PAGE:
SOLEDAD — Clarissa Medina, a recent graduate of Soledad High School, was chosen as one of two interns in the 2020 Monterey Bay Bank of America Student Leaders program, a paid summer internship to develop leadership and civic engagement.
Medina worked with the Boys and Girls Club of Monterey County in Seaside, along with the other student leader, Aldo Saldana of Salinas, in a storytelling project.
The project involved speaking to area businesses and nonprofits to see how they are dealing with the repercussions of Covid-19, then forming a writing project based on their findings. Normally students in the program would also work over the summer as site interns, but this year has proved a challenge with the ongoing Covid-19 pandemic.
“The focus of the program is to develop youth by connecting them to job skills, leadership and development opportunities so they can navigate a career and have exposure to different options,” said Jennifer Dacquisto, Monterey Bay market manager with Bank of America.
The student leader program has been run nationally by Bank of America for 16 years, but it was introduced to the Monterey Bay region last year. Medina and Saldana are the area’s second group of student leaders.
Any high school junior or senior can apply for the program and must answer interview questions and provide a history of their community involvement.
Medina will attend Hartnell this year to study business administration, and plans to attend university in Southern California with a goal of becoming an immigration lawyer. She has volunteered and been involved with numerous nonprofit groups in Soledad, including the Salvation Army, serving Thanksgiving meals with the YMCA, fostering youth empowerment in Girls Inc., and at her church.
“What stood out is her ambition, she is extremely driven and she’s planning to pursue a law degree,” Dacquisto said in regard to Medina’s selection.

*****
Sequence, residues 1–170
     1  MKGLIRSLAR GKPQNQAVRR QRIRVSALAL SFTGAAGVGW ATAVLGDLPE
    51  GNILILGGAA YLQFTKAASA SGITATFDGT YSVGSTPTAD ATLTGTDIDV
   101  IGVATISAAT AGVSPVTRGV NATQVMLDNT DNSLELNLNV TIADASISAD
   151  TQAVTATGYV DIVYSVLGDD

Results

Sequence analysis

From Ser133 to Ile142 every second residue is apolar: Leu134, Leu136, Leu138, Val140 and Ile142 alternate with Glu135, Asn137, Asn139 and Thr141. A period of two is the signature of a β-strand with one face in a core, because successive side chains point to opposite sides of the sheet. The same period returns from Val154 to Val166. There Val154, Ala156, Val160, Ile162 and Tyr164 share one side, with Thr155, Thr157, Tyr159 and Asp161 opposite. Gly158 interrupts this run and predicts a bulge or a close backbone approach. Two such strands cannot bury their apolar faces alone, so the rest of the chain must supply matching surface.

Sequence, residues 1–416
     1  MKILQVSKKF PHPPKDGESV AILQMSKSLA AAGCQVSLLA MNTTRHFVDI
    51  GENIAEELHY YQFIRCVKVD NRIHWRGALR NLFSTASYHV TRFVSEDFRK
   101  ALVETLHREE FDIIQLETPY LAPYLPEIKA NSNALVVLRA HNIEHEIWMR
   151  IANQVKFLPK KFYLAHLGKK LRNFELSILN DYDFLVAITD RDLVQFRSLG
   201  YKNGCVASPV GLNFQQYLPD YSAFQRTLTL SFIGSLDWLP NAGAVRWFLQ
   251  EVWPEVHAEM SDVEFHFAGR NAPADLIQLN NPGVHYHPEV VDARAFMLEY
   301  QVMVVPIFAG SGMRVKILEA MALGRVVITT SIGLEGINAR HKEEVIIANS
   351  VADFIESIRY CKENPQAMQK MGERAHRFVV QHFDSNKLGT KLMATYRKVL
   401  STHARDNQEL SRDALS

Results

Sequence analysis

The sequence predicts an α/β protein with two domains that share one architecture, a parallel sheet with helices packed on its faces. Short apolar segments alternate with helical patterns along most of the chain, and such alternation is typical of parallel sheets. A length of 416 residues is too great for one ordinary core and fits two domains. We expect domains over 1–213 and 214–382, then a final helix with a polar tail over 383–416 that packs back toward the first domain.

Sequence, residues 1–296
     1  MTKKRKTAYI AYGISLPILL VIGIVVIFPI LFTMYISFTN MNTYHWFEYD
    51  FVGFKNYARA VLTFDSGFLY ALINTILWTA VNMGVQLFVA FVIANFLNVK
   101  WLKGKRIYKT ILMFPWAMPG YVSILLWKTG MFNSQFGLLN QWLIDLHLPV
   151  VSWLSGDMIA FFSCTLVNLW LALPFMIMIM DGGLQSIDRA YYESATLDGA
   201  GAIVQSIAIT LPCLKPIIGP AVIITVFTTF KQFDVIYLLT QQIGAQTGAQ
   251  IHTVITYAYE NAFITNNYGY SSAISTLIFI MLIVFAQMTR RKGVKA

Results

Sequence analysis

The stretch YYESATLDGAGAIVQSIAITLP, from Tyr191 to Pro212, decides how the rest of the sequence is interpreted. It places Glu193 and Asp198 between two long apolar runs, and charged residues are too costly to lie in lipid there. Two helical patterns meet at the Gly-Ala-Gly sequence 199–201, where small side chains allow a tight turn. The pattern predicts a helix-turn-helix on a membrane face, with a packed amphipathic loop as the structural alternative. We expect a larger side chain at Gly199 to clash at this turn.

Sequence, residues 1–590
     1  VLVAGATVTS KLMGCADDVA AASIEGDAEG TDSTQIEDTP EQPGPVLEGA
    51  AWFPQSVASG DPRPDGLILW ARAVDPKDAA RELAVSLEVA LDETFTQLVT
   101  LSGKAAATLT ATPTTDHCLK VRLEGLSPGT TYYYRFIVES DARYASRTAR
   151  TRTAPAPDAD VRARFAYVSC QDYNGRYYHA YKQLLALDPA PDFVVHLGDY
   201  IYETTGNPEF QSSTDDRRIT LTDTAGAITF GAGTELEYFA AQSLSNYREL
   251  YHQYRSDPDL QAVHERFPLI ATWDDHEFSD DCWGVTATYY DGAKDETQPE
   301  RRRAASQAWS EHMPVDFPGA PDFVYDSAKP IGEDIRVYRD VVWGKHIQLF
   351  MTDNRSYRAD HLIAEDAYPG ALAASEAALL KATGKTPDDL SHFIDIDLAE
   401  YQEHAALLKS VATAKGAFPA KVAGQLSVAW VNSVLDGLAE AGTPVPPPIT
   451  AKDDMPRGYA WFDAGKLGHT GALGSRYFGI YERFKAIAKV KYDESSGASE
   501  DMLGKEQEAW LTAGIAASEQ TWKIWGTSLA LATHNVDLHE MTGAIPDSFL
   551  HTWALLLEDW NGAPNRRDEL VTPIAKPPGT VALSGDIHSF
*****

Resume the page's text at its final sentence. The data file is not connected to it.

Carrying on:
She noted Medina’s focus and inspiration to help others was outstanding.
“In her application, she spoke about Soledad lacking exposure for kids for career diversity and mentioned that when she grows up, she wants to create a nonprofit organization that will allow her to educate the children of her community about various career opportunities,” Dacquisto said.
Medina said that by studying law and becoming an immigration attorney, she felt she could have a positive impact on the lives of undocumented immigrants.
“Ever since I was a young girl, I’ve been meeting people, and their stories have made an impact in my life. I know how much undocumented immigrants struggle,” Medina said. “They are Americans, even though they weren’t born here, they have been in this country for such a long time and they go through so many struggles just because they don’t have proper documentation, such as not being able to see their families or not being able to get a good job. I want to make a positive impact in their lives.”
Each intern is paid for their work, and Medina said she plans to use her money to buy a car to make commuting to Hartnell College in Salinas easier, as well as to enable her to move to attend university afterward.